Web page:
The business of safety: how SMS can help your bottom line

1230
SMS means integrating safety into every aspect of aviation.

For someone running a small to medium sized aviation business the letters SMS, standing for safety management system can be a forbidding acronym. The SMS for a large and complex organisation can be a document of many thousands of words over hundreds of pages, prescribing a bewildering array of meetings and procedures. But the power of SMS as a concept means it is scalable. A small organisation can reap safety and business benefits from a much simpler SMS. All you have to do is stick to it.

Transport Canada has a refreshingly simple definition of an SMS: ‘a business-like (systematic) approach to managing safety risks’. ICAO described it even more succinctly as ‘organised common sense’.

Chief executive and chief pilot of Austrek Air Charter, Marty Taylor, has used an SMS for about 20 years in his Toowoomba, Queensland, charter and maintenance operation. ‘Most competent operators are doing more than 90 per cent of an SMS already, they just don’t know it yet,’ he says.

An SMS has four functional components:

    • Safety Policy – setting your safety goals
    • Safety Risk Management – through reporting, analysing and s responding to safety concerns.
    • Safety Assurance – measuring your performance and making sure that safety measures are being done.
    • Safety Promotion – keeping the emphasis on safety.

The Canadian transport regulator says. ‘ Your organisation’s SMS will be at the core of its safety culture and will define how it intends to manage aviation safety as a part of its business management activities. This will eventually become the normal way people do their jobs.’

Taylor says confidentiality is unlikely in a small organisation but communication and flexibility are greater. ‘If I came into the hangar at night and kicked a toolbox left on the floor in the dark, because we’re a small business I would know whose toolbox it is,’ Taylor says. ‘I would speak to them the next day and say “don’t leave your toolbox lying round,” and they’d say “I never thought of that”. Document that conversation, and add what has been done to stop it happening again and you’ve got how an SMS works.’

And there are specific business benefits. ‘It does make your workplace more efficient, cost-effective and keeps your contracted customers happy.

The Canadian transport regulator says. ‘ Your organisation’s SMS will be at the core of its safety culture and will define how it intends to manage aviation safety as a part of its business management activities. This will eventually become the normal way people do their jobs.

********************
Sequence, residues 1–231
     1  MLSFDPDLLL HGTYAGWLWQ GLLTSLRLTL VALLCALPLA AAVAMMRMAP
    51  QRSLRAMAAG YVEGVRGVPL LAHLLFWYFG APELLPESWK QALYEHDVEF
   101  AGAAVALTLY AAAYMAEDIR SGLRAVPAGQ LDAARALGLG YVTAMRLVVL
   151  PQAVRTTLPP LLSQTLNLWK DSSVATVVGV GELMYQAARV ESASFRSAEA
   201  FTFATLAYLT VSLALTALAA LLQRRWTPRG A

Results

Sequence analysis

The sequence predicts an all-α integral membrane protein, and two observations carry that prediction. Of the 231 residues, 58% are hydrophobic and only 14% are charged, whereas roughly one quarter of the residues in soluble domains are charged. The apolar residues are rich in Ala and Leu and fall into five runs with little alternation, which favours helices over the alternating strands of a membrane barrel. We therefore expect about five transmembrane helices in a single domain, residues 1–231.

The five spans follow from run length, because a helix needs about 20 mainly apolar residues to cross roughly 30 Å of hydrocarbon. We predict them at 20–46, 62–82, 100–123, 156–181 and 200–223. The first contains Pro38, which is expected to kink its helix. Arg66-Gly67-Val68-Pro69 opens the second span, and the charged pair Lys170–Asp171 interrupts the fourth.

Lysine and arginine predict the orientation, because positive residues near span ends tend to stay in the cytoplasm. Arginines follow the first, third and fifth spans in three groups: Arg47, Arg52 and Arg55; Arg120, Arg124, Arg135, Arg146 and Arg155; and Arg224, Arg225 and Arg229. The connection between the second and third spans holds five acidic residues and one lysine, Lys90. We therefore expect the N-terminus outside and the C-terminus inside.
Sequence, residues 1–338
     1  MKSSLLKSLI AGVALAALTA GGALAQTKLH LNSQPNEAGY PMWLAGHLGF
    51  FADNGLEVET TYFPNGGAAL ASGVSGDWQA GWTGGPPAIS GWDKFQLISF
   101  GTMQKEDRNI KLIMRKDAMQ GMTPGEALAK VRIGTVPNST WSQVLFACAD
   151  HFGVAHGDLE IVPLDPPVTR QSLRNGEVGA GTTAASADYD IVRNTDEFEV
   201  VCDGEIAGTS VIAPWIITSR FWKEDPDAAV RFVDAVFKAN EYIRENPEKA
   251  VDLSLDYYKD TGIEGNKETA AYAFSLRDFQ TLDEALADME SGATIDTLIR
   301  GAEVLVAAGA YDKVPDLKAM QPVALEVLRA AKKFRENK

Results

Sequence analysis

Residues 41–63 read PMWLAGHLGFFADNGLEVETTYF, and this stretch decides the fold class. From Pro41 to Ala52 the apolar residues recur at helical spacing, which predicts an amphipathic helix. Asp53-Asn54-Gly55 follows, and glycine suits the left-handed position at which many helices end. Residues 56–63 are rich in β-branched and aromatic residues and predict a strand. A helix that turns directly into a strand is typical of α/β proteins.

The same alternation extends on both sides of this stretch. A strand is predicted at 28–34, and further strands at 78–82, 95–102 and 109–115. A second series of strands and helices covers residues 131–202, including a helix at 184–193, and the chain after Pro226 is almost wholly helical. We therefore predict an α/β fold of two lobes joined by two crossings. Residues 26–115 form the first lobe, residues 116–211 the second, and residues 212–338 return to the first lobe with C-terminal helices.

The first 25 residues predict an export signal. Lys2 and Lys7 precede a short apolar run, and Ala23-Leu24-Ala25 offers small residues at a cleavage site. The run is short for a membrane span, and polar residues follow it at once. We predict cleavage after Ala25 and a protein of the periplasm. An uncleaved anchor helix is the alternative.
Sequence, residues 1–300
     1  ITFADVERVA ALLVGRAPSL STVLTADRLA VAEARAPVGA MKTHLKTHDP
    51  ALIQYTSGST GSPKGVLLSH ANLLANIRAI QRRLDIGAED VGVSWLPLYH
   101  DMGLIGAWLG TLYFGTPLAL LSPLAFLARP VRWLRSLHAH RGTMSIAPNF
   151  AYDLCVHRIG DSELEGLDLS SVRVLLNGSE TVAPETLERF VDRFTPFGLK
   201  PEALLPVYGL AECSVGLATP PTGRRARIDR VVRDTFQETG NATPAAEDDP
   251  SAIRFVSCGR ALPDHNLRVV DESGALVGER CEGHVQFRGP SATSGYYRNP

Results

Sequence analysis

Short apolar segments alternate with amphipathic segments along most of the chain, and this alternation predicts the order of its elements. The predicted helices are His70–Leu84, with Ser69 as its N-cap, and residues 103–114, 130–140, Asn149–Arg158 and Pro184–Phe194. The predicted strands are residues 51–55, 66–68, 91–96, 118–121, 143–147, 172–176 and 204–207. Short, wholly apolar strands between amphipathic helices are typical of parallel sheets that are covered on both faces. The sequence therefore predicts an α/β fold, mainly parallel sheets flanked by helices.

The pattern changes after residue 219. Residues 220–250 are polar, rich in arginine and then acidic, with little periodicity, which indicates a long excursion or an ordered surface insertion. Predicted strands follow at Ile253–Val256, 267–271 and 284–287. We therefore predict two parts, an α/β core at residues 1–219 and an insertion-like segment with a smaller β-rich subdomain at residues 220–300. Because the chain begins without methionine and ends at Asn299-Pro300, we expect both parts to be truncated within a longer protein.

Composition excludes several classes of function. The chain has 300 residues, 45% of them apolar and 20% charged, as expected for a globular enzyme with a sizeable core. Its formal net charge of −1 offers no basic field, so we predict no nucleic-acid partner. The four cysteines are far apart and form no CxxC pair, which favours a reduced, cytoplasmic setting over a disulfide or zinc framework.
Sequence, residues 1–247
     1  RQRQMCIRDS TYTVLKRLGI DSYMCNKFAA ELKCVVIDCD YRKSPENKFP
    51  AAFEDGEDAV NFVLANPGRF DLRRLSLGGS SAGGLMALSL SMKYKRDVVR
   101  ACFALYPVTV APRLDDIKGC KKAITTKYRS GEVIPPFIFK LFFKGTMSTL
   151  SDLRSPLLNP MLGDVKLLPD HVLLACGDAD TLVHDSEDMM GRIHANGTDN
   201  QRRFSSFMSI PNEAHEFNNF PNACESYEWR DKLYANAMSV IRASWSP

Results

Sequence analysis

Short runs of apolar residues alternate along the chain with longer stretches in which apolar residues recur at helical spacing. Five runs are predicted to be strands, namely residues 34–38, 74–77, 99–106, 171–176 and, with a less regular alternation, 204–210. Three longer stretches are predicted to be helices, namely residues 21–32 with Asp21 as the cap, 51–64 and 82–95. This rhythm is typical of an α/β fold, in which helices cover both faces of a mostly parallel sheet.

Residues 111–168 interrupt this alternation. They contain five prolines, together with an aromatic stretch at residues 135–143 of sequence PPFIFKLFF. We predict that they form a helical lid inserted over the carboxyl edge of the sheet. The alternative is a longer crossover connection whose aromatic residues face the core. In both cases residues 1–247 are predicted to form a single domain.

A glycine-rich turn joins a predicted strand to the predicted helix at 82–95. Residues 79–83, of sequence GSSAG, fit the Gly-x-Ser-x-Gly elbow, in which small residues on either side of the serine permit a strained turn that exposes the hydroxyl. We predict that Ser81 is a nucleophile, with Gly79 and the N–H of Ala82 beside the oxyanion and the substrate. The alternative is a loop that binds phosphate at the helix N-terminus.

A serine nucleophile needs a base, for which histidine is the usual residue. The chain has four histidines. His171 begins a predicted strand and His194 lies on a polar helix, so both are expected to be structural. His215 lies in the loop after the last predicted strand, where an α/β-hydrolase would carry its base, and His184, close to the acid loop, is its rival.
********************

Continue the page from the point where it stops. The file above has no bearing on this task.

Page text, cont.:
Taylor says members of a well-run organisation are talking about safety every day – or should be. ‘All the SMS does is document those discussions and ensure they get followed up. It means you put barriers in place to prevent repeat occurrences.’

Taylor says confidentiality is unlikely in a small organisation but communication and flexibility are greater. ‘If I came into the hangar at night and kicked a toolbox left on the floor in the dark, because we’re a small business I would know whose toolbox it is,’ Taylor says. ‘I would speak to them the next day and say “don’t leave your toolbox lying round,” and they’d say “I never thought of that”. Document that conversation, and add what has been done to stop it happening again and you’ve got how an SMS works.’

Over time the data generated by an SMS produces a picture that could not have been seen if safety management remained informal, Taylor says. ‘When the auditor comes, they see you have a procedure to address a hazard, and they’re happy.’

And there are specific business benefits. ‘It does make your workplace more efficient, cost-effective and keeps your contracted customers happy.

Taylor has two tips for organisations taking on SMS for the first time.

‘Number one, you have to scale your SMS to the size of your organisation. We are not Qantas and we don’t need Qantas’s SMS. But we need a process, to document and deal with the incidents and issues that come up in operations.

‘Number two you’ve got to apply the KISS principle: Keep it simple. Remember you’re probably already doing many of the things SMS requires. Think of a social barbecue where your older pilots are talking to your younger pilots, over some sausages and steak, about, for example VFR into IMC. For a small organisation, all you have to do is enter notes of that conversation into the record, and follow it up, and you’ve contributed, in a real way to your SMS.’

CASA has extensive online resources to help with understanding, setting up and running safety management systems.

 

 

LEAVE A REPLY

Please enter your comment!
Please enter your name here